50 years ago, we flew to the moon. Here's why we can't do that today

This week marks 50 years since the first flight to the moon. Quirks & Quarks host Bob McDonald looks at some of the reasons why getting to the moon now, decades later, is harder than ever.
The first test flight, Apollo 4, was a risky "all up" test, where the entire rocket was flown with everything in place. Remarkably, it was a total success. (NASA)

Only seven years after U.S. President John F. Kennedy announced the U.S. would send humans to the moon within a decade, the mighty Saturn V, the largest machine to ever fly, rose majestically off the ground on November 9, 1967, on an unmanned test flight. Two years later, Kennedy's dream was fulfilled, with one small step on the lunar surface, in the greatest technical achievement in human history.

Now, half a century later, today's rockets struggle to accomplish the same task. 


The success of the Apollo Moon Program lay largely in a massive brute force effort, where the government funded roughly 400,000 people from across the entire U.S. to ensure the Americans beat the Russians to the moon. Considering they were building an enormous system that was entirely new from the ground up, on a ridiculously short timescale, it is amazing the rockets performed as well as they did.



True, there were two accidents — a fire on the launch pad of Apollo 1 that took the lives of three astronauts; and an exploding oxygen tank on Apollo 13 that crippled the mission, but those astronauts were able to return safely to the Earth thanks to even more teamwork.


All the numbers around the Saturn V rocket are astounding:


  • Standing 36 storeys, twice as high as Niagara Falls.
  • Weighing 2.8 million kilograms (6.2 million pounds).
  • Producing 34.5 million newtons of thrust (7.5 million pounds) from its first-stage engines.

In all, NASA flew 13 Saturn V rockets, and all of them did their job of delivering 24 humans to the moon — with 12 of those humans walking on the surface — as well as lifting the first American space station, Skylab into Orbit.

Because of the tight timetable, the first flight, known as Apollo 4, was an "all up" test, where the entire rocket was flown with everything in place. This is risky, because the assorted parts of the rocket were built in different parts of the country and had never operated together as a single unit. Remarkably, the first flight was a total success.

Astronauts, from the left, Gus Grissom, Ed White II and Roger Chaffee stand near Cape Kennedy's Launch Complex 34 during training for Apollo 1 in January 1967. They all died in a fire during training. (NASA/Reuters)


The space race of the 1960s was a time when taking chances was the norm — chances that would never be taken today. Even though the second test flight of the rocket did have problems with huge vibrations, parts shaking loose and engines shutting down prematurely, it was decided that on its third time in space, there would be humans on board and they would go all the way to the moon.


Apollo 8 is often considered the most daring mission because it was the first time human beings left the gravitational pull of the Earth and committed themselves to another heavenly body. It was also the first time humanity saw itself as a single living entity with the famous "Earthrise" picture taken from the moon.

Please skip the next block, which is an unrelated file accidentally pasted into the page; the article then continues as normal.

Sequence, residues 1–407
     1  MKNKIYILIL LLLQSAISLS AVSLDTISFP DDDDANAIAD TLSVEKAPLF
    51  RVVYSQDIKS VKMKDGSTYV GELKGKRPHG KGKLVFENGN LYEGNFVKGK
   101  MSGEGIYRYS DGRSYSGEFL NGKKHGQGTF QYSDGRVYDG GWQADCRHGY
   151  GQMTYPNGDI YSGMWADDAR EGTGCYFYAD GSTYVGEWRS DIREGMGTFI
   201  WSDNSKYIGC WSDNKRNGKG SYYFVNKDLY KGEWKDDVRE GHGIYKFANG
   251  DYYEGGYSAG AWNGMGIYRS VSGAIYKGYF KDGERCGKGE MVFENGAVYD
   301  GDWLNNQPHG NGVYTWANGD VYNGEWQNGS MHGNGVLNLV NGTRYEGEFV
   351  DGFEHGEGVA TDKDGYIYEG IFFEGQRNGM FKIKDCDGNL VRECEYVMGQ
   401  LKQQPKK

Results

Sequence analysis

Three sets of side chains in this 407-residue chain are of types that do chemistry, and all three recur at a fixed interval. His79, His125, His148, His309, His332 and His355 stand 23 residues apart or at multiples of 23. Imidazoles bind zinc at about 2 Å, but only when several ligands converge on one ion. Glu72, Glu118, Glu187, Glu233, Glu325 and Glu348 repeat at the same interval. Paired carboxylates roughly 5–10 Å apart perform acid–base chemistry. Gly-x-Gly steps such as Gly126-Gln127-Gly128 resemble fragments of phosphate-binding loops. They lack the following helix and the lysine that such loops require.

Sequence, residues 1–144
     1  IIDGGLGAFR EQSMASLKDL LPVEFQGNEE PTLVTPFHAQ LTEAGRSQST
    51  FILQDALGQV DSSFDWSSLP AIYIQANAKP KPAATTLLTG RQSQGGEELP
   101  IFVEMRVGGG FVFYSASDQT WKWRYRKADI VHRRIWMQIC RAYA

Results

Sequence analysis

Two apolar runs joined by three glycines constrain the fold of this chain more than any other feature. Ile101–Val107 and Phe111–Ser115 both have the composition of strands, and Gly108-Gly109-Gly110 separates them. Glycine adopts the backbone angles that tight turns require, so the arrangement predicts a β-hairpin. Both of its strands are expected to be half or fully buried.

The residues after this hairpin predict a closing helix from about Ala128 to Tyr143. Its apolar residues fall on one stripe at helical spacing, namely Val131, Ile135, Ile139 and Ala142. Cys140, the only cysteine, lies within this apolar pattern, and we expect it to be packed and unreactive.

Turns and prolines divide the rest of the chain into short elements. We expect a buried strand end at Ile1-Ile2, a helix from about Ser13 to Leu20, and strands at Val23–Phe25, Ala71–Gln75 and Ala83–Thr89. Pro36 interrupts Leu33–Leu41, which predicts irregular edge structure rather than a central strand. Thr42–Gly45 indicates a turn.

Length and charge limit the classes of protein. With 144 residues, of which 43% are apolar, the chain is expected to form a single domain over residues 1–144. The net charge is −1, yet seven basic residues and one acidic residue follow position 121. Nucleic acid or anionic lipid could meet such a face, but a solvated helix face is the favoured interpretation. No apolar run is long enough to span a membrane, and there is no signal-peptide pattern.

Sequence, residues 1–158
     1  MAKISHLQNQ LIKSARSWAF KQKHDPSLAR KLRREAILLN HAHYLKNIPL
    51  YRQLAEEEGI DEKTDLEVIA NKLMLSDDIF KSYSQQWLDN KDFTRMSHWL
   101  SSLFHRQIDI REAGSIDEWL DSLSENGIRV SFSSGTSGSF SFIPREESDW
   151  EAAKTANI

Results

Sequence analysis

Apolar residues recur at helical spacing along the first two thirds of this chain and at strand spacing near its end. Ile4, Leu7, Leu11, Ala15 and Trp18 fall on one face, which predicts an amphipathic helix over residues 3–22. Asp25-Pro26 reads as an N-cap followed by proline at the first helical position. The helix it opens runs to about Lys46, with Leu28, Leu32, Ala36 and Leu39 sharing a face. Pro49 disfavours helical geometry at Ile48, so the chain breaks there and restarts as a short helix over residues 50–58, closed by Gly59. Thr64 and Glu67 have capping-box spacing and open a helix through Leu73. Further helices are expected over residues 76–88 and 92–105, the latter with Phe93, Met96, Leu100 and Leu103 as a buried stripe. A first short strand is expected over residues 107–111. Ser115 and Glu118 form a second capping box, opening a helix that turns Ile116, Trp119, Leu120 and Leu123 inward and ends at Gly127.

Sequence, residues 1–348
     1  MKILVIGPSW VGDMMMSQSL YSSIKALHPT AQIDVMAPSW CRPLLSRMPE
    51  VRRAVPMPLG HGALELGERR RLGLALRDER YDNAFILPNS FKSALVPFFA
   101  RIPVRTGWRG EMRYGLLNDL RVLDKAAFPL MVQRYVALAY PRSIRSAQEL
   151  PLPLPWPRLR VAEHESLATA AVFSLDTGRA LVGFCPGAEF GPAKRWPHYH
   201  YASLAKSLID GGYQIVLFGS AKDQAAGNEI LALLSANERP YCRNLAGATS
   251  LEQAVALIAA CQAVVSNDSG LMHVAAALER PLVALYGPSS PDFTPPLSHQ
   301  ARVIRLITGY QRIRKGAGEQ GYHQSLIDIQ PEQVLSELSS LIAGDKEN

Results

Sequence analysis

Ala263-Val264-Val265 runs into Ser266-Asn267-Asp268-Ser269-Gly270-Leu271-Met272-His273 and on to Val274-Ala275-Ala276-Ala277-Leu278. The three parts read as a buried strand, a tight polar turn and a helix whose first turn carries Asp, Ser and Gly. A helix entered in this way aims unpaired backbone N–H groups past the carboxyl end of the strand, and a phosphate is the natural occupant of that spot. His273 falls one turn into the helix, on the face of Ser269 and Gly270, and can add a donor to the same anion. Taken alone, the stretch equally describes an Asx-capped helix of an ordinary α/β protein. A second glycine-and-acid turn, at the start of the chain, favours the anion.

Apollo 8 was the first time humanity saw itself as a single living entity with the famous 'Earthrise' picture taken from the moon. (NASA)




Never, in the history of technology has there been such inventiveness, innovation, daring, and remarkable achievements in such a short time as the moon missions. It is amazing what can be accomplished with virtually unlimited funds, an enormous workforce, and willingness to take huge risks. And of course those risks paid off when Neil Armstrong and Buzz Aldrin touched down on the moon for the first time … with only seconds of fuel remaining in the tanks.   

Of course, those conditions don't exist today. The NASA workforce is one-tenth of what it used to be and funds are limited. The last 45 years have been spent building space shuttles and the International Space Station, which is why we don't have the technology to take people back to the moon.



Another giant rocket that will rival the Saturn V, called the SLS, is under construction, which could take astronauts beyond the moon, possibly to Mars. But it is tremendously expensive and behind schedule, with its first flight now pushed back to 2020.

Buzz Aldrin poses for a photograph beside the U.S. flag deployed on the moon during the Apollo 11 mission on July 20, 1969. (NASA/Associated Press)


The other contender is the Falcon 9 Heavy, being built by the private corporation SpaceX. It is scheduled to fly within the next few months, but a recent test of new engines resulted in an explosion, and  the company's founder, billionaire Elon Musk, says there is a good chance the rocket will not make it on the first try.


Anyone who was around during the heady days of the moon program was convinced that half a century later we would be taking family holidays on the moon, setting off from an orbiting space hotel.


Oh, well.


It is unlikely there will be a time like that again.


Leaving the Earth is not easy, even with 50 years of experience. But that doesn't mean we should stop trying.



  • A previous of this article used incorrect metric units for the thrust of the Saturn V rocket, and this has been corrected.
    Mar 24, 2021 10:12 AM ET